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Acta Derm Venereol. 1998 Mar;78(2):119-22.

An amorphous hydrogel enhances epithelialisation of wounds.

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Department of Pathology, Faculty of Health Sciences, Linköping, Sweden.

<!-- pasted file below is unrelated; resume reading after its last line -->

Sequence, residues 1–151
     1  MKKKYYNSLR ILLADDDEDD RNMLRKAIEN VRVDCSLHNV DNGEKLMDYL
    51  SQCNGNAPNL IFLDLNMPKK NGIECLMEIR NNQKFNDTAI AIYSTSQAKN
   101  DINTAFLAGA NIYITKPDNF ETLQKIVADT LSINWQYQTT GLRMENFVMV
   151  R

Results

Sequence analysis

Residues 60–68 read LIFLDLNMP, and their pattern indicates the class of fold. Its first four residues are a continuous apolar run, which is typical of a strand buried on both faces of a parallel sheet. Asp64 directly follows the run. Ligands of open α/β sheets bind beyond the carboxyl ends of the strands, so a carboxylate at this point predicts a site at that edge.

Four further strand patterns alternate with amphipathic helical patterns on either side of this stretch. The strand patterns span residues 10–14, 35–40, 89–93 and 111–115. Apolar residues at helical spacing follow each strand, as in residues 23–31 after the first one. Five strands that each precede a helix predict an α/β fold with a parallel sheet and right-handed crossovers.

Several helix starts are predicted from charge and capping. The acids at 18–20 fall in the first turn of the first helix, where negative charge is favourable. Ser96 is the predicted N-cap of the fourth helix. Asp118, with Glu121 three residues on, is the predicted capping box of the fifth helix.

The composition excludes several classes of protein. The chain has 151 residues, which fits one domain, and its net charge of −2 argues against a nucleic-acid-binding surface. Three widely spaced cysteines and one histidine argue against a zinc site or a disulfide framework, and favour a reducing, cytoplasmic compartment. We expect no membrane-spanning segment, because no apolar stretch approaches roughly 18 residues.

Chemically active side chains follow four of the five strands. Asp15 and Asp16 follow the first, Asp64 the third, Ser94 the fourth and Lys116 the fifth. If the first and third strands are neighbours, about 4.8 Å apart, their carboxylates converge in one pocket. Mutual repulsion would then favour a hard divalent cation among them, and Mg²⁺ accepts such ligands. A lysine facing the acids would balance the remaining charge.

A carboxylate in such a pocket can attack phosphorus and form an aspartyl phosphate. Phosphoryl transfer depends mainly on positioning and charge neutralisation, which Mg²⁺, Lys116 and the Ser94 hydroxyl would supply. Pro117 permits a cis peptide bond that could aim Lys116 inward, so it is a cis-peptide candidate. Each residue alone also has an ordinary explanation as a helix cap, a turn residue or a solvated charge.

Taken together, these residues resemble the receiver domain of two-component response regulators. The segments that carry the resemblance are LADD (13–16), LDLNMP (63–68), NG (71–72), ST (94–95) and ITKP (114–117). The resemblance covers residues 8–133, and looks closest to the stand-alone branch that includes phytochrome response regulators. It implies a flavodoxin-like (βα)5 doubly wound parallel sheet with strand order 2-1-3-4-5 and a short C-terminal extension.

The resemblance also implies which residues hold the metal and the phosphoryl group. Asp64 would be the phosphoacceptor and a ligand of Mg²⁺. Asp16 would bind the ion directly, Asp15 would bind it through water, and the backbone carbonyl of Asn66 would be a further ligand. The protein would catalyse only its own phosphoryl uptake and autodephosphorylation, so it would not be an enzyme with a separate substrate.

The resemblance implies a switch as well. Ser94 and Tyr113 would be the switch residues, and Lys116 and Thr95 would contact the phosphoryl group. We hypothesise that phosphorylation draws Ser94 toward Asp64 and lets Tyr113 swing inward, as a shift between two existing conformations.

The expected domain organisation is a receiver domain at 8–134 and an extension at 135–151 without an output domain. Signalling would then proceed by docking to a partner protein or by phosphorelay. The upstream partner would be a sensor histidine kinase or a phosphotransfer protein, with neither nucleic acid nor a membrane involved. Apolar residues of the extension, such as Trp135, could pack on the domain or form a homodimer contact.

Hydrogel dressings are gaining increased clinical acceptance as a wound management modality. The purpose of this study was to compare the effect of three amorphous hydrogels with occlusive, control treatment (Tegaderm) on healing of experimental wounds. Eight partial-thickness cutaneous wounds (2.5 cm x 2.5 cm x 0.04 cm) were made, using an electrokeratome, and the four treatments were allocated by randomisation within a cephalad and a caudal region on each of six 60-kg domestic pigs. In total, twelve wounds were each treated with 2.0 ml of each type of hydrogel--an experimental amorphous hydrogel ("Exgel"), IntraSite Gel and a poloxamer gel containing 3% hydrogen peroxide--and covered with Tegaderm, or treated with Tegaderm alone. At 66 h post-operatively, formalin-fixed, paraffin-embedded sections of wounds were hematoxylin-eosin-stained and assessed morphometrically for epithelium coverage in a blinded fashion. The Exgel remained macroscopically intact on the wounds in contrast to the other hydrogels, which had dissolved completely after treatment. Exgel significantly (p < 0.05) increased epithelial coverage of the wounds, compared with the other treatments (by 20% more than Tegaderm-treated wounds). In vitro experiments indicated that the polymeric matrix of Exgel sequesters bioactive molecules present in wound fluid and that it may in vivo act as a protective reservoir that delivers bioactive molecules at a rate that promotes epithelial migration. Exgel may represent a new treatment principle to promote wound healing.

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